Remember that information theoretic security results in a difference of mutual information terms between the links. This is in general hard to compute and accordingly difficult use for NN optimization. We therefore focus on the cross-entropy and establish another way to define the security loss. A straightforward method would be to define a security loss function by considering the differences between the cross-entropy losses of Bob and Eve’s receiver. The secure loss would therefore be


Here, and are the resulting probability mass functions from the softmax output in Bob and Eve’s decoder. Training the network for each symbol would result in training the encoder (Alice), such that Eve sees that symbol in another random location. These locations are only based on the initial weight configurations of Eve’s network (and therefore highly dependent on the adversary), as the subtracted cross-entropy of Eve jumps to the next highest value and trains for it indefinitely. Moreover, cross-entropy is unbounded from above, resulting in logarithmic growing negative loss. This shows that the loss function above is fundamentally ill-suited for the problem. We therefore decided to mimic traditional wiretap-coding techniques. Theoretically, the usual approach is to map a specific message to a bin of codewords and then select a codeword randomly from this bin. There, intuitively, the randomness is used to confuse the eavesdropper. A more concrete method is to use coset codes, where the actual messages label the cosets, and the particular codeword inside the coset is again chosen at random. This method goes back to the work of [7] and we refer the reader to [22, Appendix A] for an introduction. The idea is that Eve can only distinguish between clusters of codewords. Whereas the messages itself are hidden randomly in each cluster. However, the legitimate receiver has a better channel and can also distinguish between codewords inside the clusters. This results in a possible secure communication by trading a part of the communication rate for security.

Our approach is now that we train the network such that Eve sees the same probability for all codewords in a certain cluster. The security loss function is a sum of the cross-entropy of Bob and the cross-entropy of Eve’s received estimated distribution with a modified input distribution. The input distribution is modified in a way, such that clusters of codewords have the same probability. Consider for example the training vector batch , resulting in the one-hot encoding matrix


where the rows are the samples of the batch and the columns indicate the symbol.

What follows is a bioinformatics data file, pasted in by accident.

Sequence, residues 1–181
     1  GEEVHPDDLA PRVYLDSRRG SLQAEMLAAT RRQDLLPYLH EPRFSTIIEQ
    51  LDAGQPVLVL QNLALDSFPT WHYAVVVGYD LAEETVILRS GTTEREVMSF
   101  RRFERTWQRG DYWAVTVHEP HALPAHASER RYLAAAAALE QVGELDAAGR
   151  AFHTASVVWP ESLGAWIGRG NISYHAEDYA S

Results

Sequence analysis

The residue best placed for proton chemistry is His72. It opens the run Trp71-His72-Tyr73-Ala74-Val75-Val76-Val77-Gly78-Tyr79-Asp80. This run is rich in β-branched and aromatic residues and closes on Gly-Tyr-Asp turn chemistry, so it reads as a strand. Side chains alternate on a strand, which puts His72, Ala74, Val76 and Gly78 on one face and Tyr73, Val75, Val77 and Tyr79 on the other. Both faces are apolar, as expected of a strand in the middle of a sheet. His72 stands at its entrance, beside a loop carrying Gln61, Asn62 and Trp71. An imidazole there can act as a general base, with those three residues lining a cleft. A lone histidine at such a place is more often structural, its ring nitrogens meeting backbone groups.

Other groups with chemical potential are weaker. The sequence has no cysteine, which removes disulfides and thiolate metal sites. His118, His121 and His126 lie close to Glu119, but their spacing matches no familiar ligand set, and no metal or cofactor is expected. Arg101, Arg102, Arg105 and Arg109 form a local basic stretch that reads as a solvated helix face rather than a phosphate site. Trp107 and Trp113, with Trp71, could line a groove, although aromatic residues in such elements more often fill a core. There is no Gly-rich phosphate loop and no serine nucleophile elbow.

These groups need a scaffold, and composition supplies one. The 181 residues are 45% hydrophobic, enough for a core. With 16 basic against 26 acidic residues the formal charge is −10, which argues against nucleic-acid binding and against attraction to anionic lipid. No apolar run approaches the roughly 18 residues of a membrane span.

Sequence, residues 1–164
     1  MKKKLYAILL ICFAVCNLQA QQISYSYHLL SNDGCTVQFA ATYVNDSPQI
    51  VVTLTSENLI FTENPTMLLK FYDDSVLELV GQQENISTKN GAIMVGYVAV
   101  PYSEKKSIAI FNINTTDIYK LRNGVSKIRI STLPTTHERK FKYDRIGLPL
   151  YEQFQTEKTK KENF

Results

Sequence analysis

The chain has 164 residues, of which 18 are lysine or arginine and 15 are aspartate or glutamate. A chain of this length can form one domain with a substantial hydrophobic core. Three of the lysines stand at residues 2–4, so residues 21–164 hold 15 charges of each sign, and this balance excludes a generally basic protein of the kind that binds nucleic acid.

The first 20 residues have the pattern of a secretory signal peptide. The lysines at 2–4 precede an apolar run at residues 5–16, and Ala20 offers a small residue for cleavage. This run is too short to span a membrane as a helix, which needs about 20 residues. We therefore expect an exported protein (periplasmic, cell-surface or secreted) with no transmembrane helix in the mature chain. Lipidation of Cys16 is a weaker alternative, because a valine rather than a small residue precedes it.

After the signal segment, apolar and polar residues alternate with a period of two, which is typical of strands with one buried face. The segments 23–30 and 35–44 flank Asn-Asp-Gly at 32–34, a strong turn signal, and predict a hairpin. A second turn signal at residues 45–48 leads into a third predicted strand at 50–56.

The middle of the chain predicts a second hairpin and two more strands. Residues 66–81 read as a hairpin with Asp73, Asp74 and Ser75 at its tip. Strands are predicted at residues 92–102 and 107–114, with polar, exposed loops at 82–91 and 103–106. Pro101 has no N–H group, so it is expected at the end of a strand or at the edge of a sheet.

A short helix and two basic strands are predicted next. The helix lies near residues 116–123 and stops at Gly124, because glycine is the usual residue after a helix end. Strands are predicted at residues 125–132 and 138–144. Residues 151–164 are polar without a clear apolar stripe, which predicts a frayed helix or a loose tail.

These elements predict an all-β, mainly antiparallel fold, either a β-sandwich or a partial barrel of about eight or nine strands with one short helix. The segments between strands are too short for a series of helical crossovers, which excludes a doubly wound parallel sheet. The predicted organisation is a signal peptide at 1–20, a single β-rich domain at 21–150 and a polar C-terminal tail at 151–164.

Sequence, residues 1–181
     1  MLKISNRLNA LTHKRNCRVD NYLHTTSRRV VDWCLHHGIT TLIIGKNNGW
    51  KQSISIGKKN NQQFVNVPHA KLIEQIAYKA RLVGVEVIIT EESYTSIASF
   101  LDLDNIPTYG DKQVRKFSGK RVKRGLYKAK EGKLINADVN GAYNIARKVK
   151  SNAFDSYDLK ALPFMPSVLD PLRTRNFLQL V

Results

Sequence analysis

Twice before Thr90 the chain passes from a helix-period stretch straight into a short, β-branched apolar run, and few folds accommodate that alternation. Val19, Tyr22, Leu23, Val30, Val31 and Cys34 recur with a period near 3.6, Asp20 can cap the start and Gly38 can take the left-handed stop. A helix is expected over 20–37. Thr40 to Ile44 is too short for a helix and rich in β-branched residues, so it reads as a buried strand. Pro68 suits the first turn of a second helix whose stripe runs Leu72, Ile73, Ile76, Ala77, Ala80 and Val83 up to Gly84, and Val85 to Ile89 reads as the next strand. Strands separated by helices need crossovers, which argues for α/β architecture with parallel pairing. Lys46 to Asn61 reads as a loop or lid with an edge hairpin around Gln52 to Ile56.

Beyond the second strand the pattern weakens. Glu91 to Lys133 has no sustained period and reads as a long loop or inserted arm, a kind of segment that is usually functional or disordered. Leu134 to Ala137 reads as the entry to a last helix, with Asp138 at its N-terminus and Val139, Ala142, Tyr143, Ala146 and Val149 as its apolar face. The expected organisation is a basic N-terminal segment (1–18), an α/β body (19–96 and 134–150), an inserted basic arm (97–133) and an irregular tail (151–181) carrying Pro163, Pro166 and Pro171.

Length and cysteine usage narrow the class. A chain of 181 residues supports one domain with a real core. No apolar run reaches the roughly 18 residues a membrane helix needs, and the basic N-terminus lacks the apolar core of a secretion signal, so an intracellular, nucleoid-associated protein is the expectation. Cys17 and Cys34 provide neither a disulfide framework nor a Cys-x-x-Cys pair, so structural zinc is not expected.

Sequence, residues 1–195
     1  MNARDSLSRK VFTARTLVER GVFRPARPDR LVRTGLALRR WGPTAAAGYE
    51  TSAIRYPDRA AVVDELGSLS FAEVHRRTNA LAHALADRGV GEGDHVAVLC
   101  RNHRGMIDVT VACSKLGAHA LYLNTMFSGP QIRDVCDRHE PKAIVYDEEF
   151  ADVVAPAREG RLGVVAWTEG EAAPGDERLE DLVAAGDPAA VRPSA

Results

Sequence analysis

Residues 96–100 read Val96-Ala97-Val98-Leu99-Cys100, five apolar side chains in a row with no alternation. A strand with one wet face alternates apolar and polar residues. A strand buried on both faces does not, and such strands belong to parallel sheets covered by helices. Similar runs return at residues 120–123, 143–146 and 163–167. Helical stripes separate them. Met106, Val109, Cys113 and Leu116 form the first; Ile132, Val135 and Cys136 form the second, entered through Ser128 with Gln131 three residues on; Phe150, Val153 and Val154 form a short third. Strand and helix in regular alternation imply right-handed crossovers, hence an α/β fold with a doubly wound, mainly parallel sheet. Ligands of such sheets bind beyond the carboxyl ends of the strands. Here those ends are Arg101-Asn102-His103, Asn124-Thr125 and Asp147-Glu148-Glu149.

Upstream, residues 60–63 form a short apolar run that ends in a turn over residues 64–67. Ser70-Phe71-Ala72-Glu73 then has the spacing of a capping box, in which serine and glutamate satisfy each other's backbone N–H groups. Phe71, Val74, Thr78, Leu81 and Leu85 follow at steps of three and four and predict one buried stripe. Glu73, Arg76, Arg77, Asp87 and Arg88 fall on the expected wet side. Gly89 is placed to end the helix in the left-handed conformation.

Input: number of clusters , number of symbols , kmeans.labels, number of elements in the clusters
Output: Equalization operator
for  to  do
       for  to  do
             if kmeans.labels(i)=j then
                   for  to  do
                         if kmeans.labels(k)=j then
                         end if
                   end for
             end if
       end for
end for
Algorithm 1 Data pmf equalization operator
Fig. 3: This algorithm calculates the operator

, which is used on the input distribution and returns a modified distribution, such that clusters of the input are uniformly distributed.

Multiplying this one-hot input matrix from the right with the matrix , see Algorithm 1, results in the equalized matrix :


One can see that in the resulting matrix , the first and second symbol, and the third and fourth symbol have the same distribution. The advantage of this method is, that we only need to calculate an matrix, which can be used with any input batch size. The new security loss can therefore be defined as


where is Eve’s decoded distribution and stands for the equalized input symbol distribution. Furthermore, the parameter controls the trade-off between security and communication rate on the legitimate channel. The loss function is then averaged over the batch size . Moreover, we chose the -means algorithm for the clustering of the constellation points. This provides us a clustering based on the euclidean distance and goes well with the initial idea of coset codes, when they are implemented as a lattice code with a nearest neighborhood decoder.

Iv Training phases and simulation results

All of the simulations were done in TensorFlow with the Adam optimizer

[23] and gradually decreasing learning rate from to . Moreover, we constantly increased the batch size from to

during the epochs. The training was done with a channel layer of the direct link with an SNR of

dB, and on Eve’s link with an SNR of dB. All of the following figures for constellations and decision regions were done with codeword dimension , such that they can be easily plotted in -d. Our training procedure is divided into three phases.

In the first phase, we only train the encoder and the decoder of Bob with the standard cross-entropy, as done in [3]. Here, the NN learns a signal constellation to combat the noise in an efficient way dependent on the power constraint and the signal-to-noise ratio. The resulting learned constellations, i.e. encoding rules and the learned decision regions, i.e. decoding rules, are shown in Figure 4 for an average power constraint over the whole batch and for an average power constraint per symbol.